The above indicates that European China experts are aware that Europe’s large single market, as well as its authority to regulate external commercial relations, could be considered its most useful asset in steering relations with China in a more advantageous direction. As also signaled by the assessment of priorities, high hopes remain for climate cooperation with China, despite such cooperation having stalled over the past five years. Finally, the perception of weaknesses and threats underlined the anxiety concerning Europe’s perceived difficulties in acting in unity in confronting geopolitical challenges posed by China, in large part stemming from the EU’s relatively underdeveloped CFSP mandate as compared to its much more robust economic competencies.
EU-China Outlook Towards 2030
Looking ahead towards 2030, European policy-making on China will likely gravitate further towards systemic rivalry through internal resilience building and external coalition formation against authoritarian interference. The economic competition will witness growing unilateral leveraging of European market access to improve economic reciprocity with China and international partnership diversification for improved supply security. Moreover, despite popular hopes, EU-China cooperation on climate and global issues risks stagnating further in the coming decade.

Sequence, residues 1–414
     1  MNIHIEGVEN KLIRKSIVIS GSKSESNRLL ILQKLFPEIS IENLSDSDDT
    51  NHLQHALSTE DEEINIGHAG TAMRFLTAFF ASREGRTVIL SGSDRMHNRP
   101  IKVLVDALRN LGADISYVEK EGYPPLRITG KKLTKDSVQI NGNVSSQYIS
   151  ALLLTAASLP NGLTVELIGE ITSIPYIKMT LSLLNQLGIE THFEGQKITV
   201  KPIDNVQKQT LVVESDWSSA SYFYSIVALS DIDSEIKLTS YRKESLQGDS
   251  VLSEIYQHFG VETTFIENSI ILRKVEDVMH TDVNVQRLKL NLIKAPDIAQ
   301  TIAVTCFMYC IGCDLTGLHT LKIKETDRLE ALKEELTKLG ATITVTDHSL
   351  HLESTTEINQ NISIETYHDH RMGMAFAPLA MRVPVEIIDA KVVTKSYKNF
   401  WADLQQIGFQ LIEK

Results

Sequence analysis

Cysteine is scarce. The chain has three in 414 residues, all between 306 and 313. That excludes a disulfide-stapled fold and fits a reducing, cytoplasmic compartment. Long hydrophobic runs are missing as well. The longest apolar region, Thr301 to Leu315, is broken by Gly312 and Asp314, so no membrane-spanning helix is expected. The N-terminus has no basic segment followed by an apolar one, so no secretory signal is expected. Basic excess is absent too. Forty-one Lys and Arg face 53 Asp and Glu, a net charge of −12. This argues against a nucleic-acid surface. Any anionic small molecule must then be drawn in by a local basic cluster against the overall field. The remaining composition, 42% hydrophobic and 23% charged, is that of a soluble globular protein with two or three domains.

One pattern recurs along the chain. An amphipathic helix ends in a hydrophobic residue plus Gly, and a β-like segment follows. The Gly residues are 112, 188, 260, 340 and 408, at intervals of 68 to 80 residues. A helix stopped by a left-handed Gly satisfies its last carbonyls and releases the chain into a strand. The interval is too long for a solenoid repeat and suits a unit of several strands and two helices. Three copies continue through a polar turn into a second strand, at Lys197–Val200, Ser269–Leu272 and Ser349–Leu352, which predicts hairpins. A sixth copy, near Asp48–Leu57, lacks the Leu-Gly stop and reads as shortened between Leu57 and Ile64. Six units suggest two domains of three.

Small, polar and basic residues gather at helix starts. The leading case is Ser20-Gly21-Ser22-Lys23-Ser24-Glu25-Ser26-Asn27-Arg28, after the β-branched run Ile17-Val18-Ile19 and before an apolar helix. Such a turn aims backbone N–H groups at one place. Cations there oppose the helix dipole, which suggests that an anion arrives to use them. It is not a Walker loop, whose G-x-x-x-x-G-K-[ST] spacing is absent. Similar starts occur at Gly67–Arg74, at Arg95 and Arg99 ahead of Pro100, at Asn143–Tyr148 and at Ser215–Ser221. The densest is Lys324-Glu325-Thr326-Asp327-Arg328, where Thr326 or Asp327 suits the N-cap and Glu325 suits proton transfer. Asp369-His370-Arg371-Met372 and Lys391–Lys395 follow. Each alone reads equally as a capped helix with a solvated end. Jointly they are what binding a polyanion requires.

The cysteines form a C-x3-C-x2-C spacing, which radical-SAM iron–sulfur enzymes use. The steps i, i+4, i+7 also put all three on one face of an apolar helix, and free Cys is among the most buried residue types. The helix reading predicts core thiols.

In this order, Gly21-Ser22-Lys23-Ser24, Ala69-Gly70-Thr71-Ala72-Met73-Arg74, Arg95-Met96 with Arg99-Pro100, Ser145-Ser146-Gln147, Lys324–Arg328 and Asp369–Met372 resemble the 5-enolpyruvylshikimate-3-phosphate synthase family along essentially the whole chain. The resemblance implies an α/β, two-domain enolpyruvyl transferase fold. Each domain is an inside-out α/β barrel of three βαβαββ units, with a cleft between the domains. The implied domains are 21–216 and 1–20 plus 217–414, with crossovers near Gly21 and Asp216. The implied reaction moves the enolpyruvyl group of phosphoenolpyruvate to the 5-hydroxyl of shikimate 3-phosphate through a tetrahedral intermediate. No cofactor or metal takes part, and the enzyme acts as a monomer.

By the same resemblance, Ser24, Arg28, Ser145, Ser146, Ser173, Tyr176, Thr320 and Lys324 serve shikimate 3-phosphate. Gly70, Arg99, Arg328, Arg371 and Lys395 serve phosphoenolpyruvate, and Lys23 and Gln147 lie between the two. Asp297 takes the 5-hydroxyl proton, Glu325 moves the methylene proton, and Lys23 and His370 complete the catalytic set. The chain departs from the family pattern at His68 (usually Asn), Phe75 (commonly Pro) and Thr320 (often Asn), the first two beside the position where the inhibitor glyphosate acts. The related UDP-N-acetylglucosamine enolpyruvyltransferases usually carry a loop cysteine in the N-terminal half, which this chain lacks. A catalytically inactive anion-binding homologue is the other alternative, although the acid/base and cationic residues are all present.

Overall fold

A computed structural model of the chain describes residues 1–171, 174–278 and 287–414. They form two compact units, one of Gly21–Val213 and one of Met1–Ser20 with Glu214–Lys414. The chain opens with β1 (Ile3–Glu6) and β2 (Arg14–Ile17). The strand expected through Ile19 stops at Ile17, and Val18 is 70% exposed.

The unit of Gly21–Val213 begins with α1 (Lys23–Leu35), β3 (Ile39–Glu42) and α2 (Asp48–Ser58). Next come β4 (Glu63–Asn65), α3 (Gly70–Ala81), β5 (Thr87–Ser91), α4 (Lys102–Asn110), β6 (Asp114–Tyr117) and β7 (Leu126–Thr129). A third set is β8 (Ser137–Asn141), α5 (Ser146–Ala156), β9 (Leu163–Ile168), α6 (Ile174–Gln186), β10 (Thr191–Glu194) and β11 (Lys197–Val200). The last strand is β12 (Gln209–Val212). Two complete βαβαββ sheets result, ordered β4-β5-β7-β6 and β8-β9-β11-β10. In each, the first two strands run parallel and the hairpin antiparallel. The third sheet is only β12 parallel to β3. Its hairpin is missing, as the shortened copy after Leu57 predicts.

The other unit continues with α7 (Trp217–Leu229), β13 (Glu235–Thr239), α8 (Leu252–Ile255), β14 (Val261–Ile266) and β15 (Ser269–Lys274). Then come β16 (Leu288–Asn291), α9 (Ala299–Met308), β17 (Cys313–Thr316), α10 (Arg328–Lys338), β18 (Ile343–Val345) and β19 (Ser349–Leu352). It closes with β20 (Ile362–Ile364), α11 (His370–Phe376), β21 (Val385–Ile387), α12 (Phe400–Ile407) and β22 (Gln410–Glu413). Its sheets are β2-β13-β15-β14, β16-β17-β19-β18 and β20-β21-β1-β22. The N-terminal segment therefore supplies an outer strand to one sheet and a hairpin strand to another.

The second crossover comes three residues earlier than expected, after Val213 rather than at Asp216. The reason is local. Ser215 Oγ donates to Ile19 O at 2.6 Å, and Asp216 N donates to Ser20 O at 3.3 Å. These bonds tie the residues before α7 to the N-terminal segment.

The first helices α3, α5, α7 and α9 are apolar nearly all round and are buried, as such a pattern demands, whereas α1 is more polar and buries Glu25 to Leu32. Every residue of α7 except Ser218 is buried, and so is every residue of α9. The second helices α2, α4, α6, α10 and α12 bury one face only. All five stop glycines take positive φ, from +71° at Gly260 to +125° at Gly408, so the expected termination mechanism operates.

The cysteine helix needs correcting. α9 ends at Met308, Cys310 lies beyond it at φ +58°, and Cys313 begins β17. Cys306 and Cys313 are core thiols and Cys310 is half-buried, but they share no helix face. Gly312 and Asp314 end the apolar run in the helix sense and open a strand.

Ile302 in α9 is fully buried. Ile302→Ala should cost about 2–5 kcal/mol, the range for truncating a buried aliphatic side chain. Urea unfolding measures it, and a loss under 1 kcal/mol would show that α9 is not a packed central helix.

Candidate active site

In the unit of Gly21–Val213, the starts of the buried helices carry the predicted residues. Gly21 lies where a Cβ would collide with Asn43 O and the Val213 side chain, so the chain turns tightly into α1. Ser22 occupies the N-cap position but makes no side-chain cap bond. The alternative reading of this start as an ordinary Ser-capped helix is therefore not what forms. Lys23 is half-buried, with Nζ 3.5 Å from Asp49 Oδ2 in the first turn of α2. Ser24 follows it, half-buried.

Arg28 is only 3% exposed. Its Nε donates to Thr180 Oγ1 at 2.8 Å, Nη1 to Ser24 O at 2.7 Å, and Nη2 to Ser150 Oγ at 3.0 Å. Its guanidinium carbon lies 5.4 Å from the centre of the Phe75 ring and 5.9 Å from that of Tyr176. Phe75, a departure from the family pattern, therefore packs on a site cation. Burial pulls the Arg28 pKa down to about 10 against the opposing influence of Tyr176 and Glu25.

To what extent Europe will manage to improve its position vis-à-vis China and effectively respond to the challenges posed by Beijing remains uncertain. This will depend on a myriad of factors, not least Europe’s ability to develop pragmatic solutions, as also embodied by the upgrading of the EU’s trade instruments toolbox, as well as European leaders’ shared political resolve to apply these instruments effectively.
Whether EU-China relations continue spiraling towards rivalry and away from partnership, however, is largely out of Europe’s hands and will mainly depend on China’s own behavior in the coming decade, especially concerning Ukraine, Taiwan, and its willingness to work on economic reciprocity. Xi Jinping’s third term in office and China’s declared objectives for that period promise still more of China’s all-of-society securitization, economic decoupling, technological struggle, and assertiveness against perceived foreign threats. As seen from Europe, the outlook for Beijing’s future policy-making trajectory thus remains pessimistic. The EU’s capability to effectively respond to these challenges in this decade will to a great extent determine Europe’s future strength, prosperity, and security in the world.
This article derives from a study titled ‘EU-China 2030: European expert consultation on future relations with China‘ originally published on December 7, 2022, by the EPRS. The views expressed therein should not be taken to represent an official position of the European Parliament.
Kjeld van Wieringen
Kjeld van Wieringen is a Policy Analyst at the European Parliamentary Research Service (EPRS) in Brussels, focusing on geoeconomic trends in EU-China relations.